Hey, readers. This week we’re returning to the sea for another mysterious disappearance. This one has always fascinated me.
The Bermuda Triangle is an area in the Atlantic Ocean between Bermuda, Southern Florida, and Puerto Rico. It’s also referred to as Devil’s Triangle or Hurricane Alley and is the spot where several ships and aircraft have disappeared under mysterious circumstances.
One of the most famous disappearances is that of Flight 19.
On December 5, 1945, five TBM Avenger torpedo bombers took off from a Naval Air Station in Fort Lauderdale, Florida, for a routine training flight. Collectively known as Flight 19, the flight plan called for them to head east from the Florida coast, conduct bombing runs at a place called Hen and Chicken Shoals, then turn north to Grand Bahama Island before changing course southwest and back to the base.
All crew members were experienced aviators, most of whom had logged more than 300 hours of flight time. The leader, Lt. Charles C. Taylor, was an experienced pilot who flew several combat missions in World War II.
The first part of Flight 19’s mission proceeded smoothly and without incident. But shortly after the patrol turned north for the second leg of the journey, something happened. For some unknown reason, Lt. Taylor became convinced his Avenger’s compass was malfunctioning and thought his planes were flying in the wrong direction.
Troubles mounted when a front brought heavy cloud cover, rain, and gusting winds. The crews became disoriented, and one pilot was noted to have said, “I don’t know where we are. We must have got lost after that last turn.”
A Navy flight instructor, Lt. Robert Cox, was flying near the Florida coast and overheard Flight 19’s radio communications. He informed a nearby Air Force Station and contacted the crew to ask if they needed assistance.
Taylor responded. “Both my compasses are out, and I’m trying to find Ft. Lauderdale, Florida. I’m over land, but it’s broken. I’m sure I’m in the Keys, but I don’t know how far down.”
His communication didn’t make sense. Less than an hour earlier, he was in the Bahamas but now believed his place had drifted hundreds of miles off course into the Florida Keys. Some speculate he may have confused some of the Bahaman Islands for the Keys.
Under normal circumstances, pilots lost in the Atlantic were supposed to point their planes toward the setting sun and fly west toward the mainland, but Taylor had become convinced that he might be over the Gulf of Mexico.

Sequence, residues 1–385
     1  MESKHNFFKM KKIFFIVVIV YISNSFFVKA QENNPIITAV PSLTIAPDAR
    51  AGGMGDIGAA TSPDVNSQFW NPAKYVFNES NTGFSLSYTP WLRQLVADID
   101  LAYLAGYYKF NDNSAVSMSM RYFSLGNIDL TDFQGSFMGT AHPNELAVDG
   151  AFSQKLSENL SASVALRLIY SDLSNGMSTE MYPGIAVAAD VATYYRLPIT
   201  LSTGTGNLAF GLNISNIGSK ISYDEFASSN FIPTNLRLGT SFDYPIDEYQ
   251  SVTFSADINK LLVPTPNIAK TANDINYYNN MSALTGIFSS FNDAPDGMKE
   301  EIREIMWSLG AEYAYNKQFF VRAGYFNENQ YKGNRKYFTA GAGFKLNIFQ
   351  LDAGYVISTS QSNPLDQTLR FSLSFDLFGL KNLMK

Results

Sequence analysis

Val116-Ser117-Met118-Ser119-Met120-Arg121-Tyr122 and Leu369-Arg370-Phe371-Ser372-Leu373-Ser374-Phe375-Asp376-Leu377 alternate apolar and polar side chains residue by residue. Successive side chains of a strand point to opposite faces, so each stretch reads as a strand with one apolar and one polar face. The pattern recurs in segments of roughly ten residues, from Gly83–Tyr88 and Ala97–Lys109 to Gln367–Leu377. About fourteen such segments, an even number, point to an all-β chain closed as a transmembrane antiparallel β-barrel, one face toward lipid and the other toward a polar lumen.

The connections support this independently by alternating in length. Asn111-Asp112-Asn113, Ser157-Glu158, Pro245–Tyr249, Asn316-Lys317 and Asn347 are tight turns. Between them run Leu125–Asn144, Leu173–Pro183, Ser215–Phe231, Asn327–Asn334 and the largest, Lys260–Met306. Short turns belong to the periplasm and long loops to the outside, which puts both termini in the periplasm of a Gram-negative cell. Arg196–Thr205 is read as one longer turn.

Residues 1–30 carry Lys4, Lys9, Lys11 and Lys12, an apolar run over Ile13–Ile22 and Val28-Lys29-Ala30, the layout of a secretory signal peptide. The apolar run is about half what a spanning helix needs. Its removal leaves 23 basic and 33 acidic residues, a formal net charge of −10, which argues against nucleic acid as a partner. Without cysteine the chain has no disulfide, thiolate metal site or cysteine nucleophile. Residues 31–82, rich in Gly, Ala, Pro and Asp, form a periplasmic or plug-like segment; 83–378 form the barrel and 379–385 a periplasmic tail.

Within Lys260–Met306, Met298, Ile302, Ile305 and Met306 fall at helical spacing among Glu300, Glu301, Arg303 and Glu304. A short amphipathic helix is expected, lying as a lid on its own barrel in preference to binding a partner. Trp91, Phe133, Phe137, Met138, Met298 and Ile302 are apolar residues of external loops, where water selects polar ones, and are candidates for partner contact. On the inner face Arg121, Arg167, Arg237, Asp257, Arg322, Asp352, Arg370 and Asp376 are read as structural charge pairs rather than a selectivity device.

In hopes of locating the Florida peninsula, he decided to fly northeast in a course that would take them even farther out to sea.
Apparently, some of his pilots realized the mistake. One was heard to say, “Dammit. If we would just fly west, we would get home.”
Eventually, someone persuaded Taylor to turn west, but shortly after 6:00 p.m., he canceled the order and changed direction. “We didn’t go far enough east. We may as well just turn around and go east again.”
Several speculate Taylor’s pilots argued the decision, and some investigators think one plane broke away and flew in a different direction.
Flight 19’s radio transmission became increasingly faint. In one of the last communications heard, Taylor prepped his men for a potential crash landing in the ocean. “All planes close up tight. We’ll have to ditch unless landfall…when the first plane drops below ten gallons, we all go down together.”
Minutes later, the only thing heard was an eerie buzz of static.
The Navy sent up search planes. Around 7:30 p.m., two PBM Mariner flying boats took off from an air station north of Ft. Lauderdale. Twenty minutes later, one of them vanished off radar. The wreckage and bodies of the thirteen crewmen were never found.
The common belief is the seaplane exploded after takeoff. These planes were accident-prone and even nicknamed “flying gas tanks.” A passing merchant ship confirmed seeing a fireball and found evidence of an oil slick in the ocean.
The next day, the Navy sent more than 300 boats and aircraft to look for Flight 19 and the missing Mariner. But five days of combing through 300,000 square miles yielded no findings.
“They just vanished,” Navy Lt. David White later said. “We had hundreds of planes out looking, and we searched over land and water for days, and nobody ever found the bodies or any debris.” The Navy board of investigation had no definitive answer, finally attributing the loss to “causes or reasons unknown.”
As you might expect, the fate of Flight 19 has caused much speculation. Some believe the flight was gobbled up by the Bermuda Triangle. Other theories include magnetic anomalies, parallel dimensions, alien abduction.
The most likely cause is the planes ran out of fuel and ditched somewhere in the Atlantic. In 1991, a group of treasure hunters thought they had solved the puzzle when they found five World War II-era Avengers submerged in waters near Fort Lauderdale. However, the serial number of these planes didn’t match those of Flight 19.
The search continues to this day, but no signs of Flight 19, the Mariner and twenty-seven crewmen have ever been found.